If the diagnostic injection produces at least 50 percent pain relief on a numeric rating score reduction, the patient is deemed a candidate for GNRFA. Exclusions include systemic or local infection and electrical devices implanted in the region of the radiofrequency ablation. Additional vigilance is required in the presence of anatomic deformities or implantable cardiac rhythm devices when considering GNRFA because of the potential for a defibrillator to interpret radiofrequency as a shockable dysrhythmia. GNRFA can successfully be performed with arthroplasty or with other orthopaedic hardware in place.

The GNRFA procedure is typically performed with local anesthetic, although moderate IV sedation may be offered. Either ultrasound or fluoroscopic guidance may be used. Following local anesthetic infiltration, a radiofrequency cannula is guided in proximity to the locations of each nerve. Sensory stimulation can be used to confirm accurate placement. Motor stimulation is also performed to ensure the absence of adjacent motor fibers.

After positive confirmation of sensory placement and negative motor testing, 2 mL of 2 percent lidocaine is administered adjacent to the nerve to mitigate pain associated with radiofrequency lesioning. Radiofrequency ablation is performed at a temperature of 70 C for 90 seconds.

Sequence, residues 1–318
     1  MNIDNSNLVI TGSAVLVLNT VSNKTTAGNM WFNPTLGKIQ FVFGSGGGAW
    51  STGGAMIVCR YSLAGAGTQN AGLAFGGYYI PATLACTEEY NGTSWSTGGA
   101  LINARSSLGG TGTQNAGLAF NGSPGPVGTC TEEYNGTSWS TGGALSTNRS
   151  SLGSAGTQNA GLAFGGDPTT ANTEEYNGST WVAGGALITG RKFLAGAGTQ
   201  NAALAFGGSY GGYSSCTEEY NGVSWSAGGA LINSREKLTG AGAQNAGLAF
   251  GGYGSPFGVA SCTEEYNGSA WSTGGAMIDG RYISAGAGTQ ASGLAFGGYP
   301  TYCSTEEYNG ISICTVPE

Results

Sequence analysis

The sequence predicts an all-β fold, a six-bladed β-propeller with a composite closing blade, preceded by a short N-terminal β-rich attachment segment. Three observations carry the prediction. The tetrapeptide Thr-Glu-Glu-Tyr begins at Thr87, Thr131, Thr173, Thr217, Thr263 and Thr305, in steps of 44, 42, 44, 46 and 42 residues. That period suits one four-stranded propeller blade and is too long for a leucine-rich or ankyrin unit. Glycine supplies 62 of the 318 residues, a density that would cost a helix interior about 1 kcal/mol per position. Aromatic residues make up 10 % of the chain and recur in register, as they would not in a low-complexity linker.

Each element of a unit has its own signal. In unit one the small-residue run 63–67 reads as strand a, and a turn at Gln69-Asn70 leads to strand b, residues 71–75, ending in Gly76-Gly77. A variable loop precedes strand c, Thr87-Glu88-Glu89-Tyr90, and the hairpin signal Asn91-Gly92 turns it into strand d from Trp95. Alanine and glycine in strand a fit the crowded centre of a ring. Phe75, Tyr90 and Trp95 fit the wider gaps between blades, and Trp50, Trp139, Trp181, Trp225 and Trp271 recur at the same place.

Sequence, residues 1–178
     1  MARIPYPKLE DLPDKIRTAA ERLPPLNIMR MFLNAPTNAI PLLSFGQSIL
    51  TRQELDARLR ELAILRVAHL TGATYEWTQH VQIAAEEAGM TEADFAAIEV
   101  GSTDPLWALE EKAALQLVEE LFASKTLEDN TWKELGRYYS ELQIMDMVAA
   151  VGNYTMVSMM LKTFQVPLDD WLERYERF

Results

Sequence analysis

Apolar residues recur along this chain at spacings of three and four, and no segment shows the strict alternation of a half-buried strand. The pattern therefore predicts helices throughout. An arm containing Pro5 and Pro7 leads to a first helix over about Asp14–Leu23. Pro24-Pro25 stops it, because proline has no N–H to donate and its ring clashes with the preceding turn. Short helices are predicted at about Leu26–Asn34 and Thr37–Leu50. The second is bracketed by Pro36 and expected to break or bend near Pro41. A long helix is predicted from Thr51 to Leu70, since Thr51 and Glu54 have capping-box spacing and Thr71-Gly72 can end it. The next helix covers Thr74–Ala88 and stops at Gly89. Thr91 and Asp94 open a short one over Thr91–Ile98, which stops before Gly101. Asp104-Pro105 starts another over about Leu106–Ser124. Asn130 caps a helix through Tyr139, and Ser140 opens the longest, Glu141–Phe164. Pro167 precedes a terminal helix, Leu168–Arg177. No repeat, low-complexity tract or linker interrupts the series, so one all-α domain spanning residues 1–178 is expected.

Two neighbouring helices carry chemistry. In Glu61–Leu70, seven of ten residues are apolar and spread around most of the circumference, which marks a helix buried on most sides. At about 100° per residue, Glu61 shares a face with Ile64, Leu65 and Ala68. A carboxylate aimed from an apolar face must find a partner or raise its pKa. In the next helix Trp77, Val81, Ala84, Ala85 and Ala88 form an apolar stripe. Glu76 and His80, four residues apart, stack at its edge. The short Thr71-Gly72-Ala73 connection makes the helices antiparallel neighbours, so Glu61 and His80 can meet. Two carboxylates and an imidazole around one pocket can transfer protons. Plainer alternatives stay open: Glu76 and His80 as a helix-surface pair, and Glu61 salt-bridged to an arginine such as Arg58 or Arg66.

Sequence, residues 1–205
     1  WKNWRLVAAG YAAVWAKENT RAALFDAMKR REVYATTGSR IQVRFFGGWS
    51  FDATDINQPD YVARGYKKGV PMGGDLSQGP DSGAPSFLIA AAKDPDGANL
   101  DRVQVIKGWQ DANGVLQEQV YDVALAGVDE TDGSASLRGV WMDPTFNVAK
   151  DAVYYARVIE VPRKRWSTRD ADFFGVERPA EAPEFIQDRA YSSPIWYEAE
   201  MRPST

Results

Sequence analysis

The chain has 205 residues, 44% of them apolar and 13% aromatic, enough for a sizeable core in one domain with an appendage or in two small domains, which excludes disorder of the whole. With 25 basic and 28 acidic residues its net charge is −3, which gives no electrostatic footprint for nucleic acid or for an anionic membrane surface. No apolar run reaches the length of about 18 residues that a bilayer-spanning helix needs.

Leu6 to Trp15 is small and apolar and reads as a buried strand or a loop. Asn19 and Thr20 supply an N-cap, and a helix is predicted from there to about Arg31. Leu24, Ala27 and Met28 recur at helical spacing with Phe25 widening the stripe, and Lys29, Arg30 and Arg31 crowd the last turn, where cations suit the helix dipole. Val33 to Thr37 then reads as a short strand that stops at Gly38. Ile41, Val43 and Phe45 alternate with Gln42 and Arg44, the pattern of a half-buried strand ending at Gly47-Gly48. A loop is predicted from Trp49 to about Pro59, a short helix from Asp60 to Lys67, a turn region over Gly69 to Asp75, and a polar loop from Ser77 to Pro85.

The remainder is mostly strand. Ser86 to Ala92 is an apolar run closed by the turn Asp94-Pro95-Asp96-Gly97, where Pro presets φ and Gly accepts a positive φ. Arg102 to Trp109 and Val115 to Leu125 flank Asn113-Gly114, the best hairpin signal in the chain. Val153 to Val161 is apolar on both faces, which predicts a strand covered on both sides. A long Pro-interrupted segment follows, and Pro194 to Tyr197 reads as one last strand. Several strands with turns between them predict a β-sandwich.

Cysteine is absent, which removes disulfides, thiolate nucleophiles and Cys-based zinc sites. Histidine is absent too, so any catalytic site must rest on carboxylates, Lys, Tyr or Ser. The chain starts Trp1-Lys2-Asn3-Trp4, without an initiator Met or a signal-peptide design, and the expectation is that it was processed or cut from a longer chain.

Postprocedurally, patients remain ambulatory and often return to work on the subsequent day. A few days of localized soreness is expected following the procedure with typical final results realized within one week.

Pain Relief Can Be Long-lasting

While Choi showed that relief continued for 12 weeks, in our practice, we have seen many patients sustain even lengthier analgesia, at times approaching a year. The GNRFA may be repeated if symptoms return.

GNRFA is a suitable management option for a subset of patients with inadequate response to more conservative modalities and even for those with postsurgical refractory knee pain.

Dr. Schaefer is Director of Musculoskeletal Rehabilitation at Cleveland Clinic.

Dr. Bolash is an anesthesiologist and interventional pain management specialist in the departments of Pain Management and Evidence Based Pain Research.

Jun. 2, 2016 / Orthopaedics / Research

This article appeared in ConsultQD of the Cleveland Clinic

Genicular Nerve Radiofrequency Ablation for Select Patients with Persistent Pain

 

Aquatic Physical Therapy

Aquatic Physical Therapy uses the unique properties of water for strengthening, stretching, balance and endurance training. Land based physical therapy uses modalities to relieve pain, stretching muscles and equipment for strengthening.  There are times exercise is best performed in water to place less stress on joints.  This is the essence of Aquatic Physical Therapy.

In addition to reducing stress across arthritic joints, it also increases resistance when moving through the water and the ability to work several body parts at one time.  Below is a list taken from a section on the American Physical Therapy Association’s website on Aquatic Physical Therapy listing some of these benefits.

Function